Skills and tasks
A gamification model, usable in more than one type of task, must admit the possibility of pre-validating skills necessary to accomplish a new task. If you want to learn how to play the guitar, but have already mastered bass guitar, you already possess some skills necessary to play guitar. You acquired them while you were learning to play the bass guitar.
So it doesn’t make sense for the player to re-learn skills that he already has.
This way it is easy to understand that if one gamified environment requires 2 months to master, and another one requires 3 months, if both games share some of the skills necessary to complete them, you will not need 5 months to learn both. You will need considerably less time, depending on how many skills are shared in both games.
When creating a gamification model, this aspect should not be ignored because it’s a relevant part on its efficiency.
Time, production and pleasure
An essential factor – if not the essential – when you want to learn a new set of skills or you want to accomplish a task, is time. To get it, we must squeeze our schedule in a way that is possible to free up enough space to dedicate to that process.
Time management is a mental process based on the perceived importance or relevance of the task to the person, and those factors have different backgrounds.
Or, like this Wikipedia article puts it:
“Time management is the act or process of planning and exercising conscious control over the amount of time spent on specific activities, especially to increase effectiveness, efficiency or productivity.”
There are a lot of factors that influence the relevance of a specific task:
• You might feel the need to do it because it is your job;
• You want to help out someone;
• You want to feel good;
• Well, the list goes on!
In their daily life, different people have a different span of time that could be called production time and is normally related to work, chores and other responsibilities. This production time is normally seen as rival to leisure time. However, people have a limit to how much time they can dedicate to tasks that don’t pleasure them in some way.
On a side note, it would be easy to think that a person can’t live without leisure time, but can live without production time. Actually, as human beings, we need to find meaning in everything we do, and because of that we tend to have the need to create meaningful things even if not asked to do so.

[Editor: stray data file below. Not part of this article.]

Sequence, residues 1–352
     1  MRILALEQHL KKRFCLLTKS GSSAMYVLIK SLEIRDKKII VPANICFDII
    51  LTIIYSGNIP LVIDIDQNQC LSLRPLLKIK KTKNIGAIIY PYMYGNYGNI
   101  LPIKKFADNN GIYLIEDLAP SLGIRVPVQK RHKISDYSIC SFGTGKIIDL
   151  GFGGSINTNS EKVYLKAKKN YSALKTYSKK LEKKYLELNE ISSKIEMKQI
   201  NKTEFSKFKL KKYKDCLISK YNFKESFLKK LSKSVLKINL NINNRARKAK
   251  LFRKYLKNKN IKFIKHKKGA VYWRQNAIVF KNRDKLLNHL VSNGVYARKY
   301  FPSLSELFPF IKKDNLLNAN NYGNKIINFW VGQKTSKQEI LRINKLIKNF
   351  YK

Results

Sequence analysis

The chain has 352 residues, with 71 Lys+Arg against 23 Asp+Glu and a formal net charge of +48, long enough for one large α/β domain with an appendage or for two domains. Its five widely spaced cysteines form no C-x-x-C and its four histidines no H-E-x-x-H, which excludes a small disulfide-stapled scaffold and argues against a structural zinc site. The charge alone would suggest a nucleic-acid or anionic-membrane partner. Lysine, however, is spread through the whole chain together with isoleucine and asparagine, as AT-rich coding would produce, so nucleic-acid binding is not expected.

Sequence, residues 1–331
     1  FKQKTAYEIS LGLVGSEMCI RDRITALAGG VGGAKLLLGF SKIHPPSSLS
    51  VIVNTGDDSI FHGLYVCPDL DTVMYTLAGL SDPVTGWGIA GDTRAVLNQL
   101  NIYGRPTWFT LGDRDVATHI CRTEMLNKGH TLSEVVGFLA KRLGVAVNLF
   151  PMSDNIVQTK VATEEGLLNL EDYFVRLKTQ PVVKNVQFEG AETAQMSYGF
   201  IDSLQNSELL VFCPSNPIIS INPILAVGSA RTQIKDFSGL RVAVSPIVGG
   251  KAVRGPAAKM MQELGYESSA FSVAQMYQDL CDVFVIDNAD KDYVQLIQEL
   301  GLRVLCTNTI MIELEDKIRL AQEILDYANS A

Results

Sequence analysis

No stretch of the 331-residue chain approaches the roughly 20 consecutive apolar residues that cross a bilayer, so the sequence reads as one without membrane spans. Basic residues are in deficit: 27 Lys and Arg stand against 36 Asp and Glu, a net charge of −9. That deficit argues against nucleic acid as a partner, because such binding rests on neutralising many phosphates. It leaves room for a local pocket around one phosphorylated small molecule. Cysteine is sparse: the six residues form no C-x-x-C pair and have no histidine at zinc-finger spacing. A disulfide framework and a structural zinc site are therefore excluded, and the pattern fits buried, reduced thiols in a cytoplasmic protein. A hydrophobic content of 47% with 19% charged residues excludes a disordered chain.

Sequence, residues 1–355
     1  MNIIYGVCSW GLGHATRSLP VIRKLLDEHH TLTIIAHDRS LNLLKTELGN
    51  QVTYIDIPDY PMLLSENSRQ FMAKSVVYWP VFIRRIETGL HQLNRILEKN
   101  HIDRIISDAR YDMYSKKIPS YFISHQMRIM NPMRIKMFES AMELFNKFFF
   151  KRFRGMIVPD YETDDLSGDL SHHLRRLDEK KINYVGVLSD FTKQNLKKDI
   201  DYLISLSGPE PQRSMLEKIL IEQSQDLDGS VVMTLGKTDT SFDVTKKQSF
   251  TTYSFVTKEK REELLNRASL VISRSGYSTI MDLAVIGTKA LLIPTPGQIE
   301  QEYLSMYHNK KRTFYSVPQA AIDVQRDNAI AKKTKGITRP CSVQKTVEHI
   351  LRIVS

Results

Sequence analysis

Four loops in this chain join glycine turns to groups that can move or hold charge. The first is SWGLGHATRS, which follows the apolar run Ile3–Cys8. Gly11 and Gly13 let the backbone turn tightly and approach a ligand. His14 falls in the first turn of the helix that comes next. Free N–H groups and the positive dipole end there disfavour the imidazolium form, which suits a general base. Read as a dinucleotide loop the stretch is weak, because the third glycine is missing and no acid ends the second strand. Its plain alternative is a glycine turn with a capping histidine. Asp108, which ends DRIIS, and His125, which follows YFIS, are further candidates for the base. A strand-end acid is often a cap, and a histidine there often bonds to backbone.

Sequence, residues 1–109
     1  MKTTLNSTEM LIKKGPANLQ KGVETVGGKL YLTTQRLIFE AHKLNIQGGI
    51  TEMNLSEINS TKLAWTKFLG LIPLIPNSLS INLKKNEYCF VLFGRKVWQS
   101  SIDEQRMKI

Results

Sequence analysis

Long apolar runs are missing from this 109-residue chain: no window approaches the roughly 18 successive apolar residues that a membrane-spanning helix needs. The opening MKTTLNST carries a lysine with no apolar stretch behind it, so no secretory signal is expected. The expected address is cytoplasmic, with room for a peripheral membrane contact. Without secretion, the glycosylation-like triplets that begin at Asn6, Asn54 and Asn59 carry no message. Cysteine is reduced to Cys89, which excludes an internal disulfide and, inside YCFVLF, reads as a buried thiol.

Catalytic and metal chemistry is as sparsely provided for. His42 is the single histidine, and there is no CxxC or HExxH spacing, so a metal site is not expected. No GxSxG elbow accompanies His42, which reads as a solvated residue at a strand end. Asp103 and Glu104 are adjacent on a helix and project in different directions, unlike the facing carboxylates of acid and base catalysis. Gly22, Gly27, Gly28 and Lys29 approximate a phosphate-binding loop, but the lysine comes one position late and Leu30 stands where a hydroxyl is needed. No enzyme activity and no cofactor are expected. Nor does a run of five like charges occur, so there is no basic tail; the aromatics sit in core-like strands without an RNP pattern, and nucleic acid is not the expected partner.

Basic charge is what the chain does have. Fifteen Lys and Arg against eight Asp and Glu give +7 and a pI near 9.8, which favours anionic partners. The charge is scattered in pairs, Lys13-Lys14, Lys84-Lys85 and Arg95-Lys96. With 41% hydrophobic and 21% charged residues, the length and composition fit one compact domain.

If we create meaningful things in our leisure time, we are actually producing something, aren’t we?
What we mean to say is that production and leisure time are not mutual exclusives. You can have fun while you produce something and you can produce something while having fun.
People who love what they do, tend to work more, just because there’s that mix of production and pleasure. We all need our daily dose of dopamine and we tend to seek it even if we don’t plan on it. If you think about it, you have those little pleasures that you’ve made a habit of, and can’t go on without them.
Gamification can help mix a bit of both and that can be a positive thing because it introduces pleasure while keeping you productive. But if you already have read this article you already know that!
Now, let’s talk about another thing that can make tasks a little bit easier.
The Creation of a Habit
What is a habit? According to Encyclopædia Britannica:
“Habit, in psychology, any regularly repeated behavior that requires little or no thought and is learned rather than innate. (..) Habits, as discussed by William James in his Principles of Psychology, are useful as the means for conserving higher mental processes for more demanding tasks, but they promote behavioral inflexibility.”
The creation of a habit can make the execution of some tasks less daunting, since it creates an almost automatic response from the body, and therefore there’s not as much effort and stress implied in the execution of said task.
For example, to be healthier you decide you must start doing some jogging every morning before you go to work. At first, you may lack the motivation, and it’s hard for you to get up from bed every morning to jog.
At the back of your mind, you have that little voice which keeps telling you to go back to bed. You think about giving up a couple of times, but since you are strong willed you persevere. After a while, you make a habit of it.
From then on you don’t even think much about it anymore, you just grab your running shoes and go. That’s the fantastic thing in creating good habits.
Gamification can be of great help in the process of creating a habit. That difficult initial phase, where you need extra motivation to continue, might be facilitated with a game that transforms your mindset from “I have to do this” to “Game on!”
It can also help in the reverse process – the elimination of a habit. Smoking is a bad habit! If a person decides to give up on that habit, a game can help in gradually reduce the number of cigarettes smoked daily, until the habit is gone.
So, gamification is not only a good way to improve intrinsic motivation, but it can also help in the automation of certain tasks.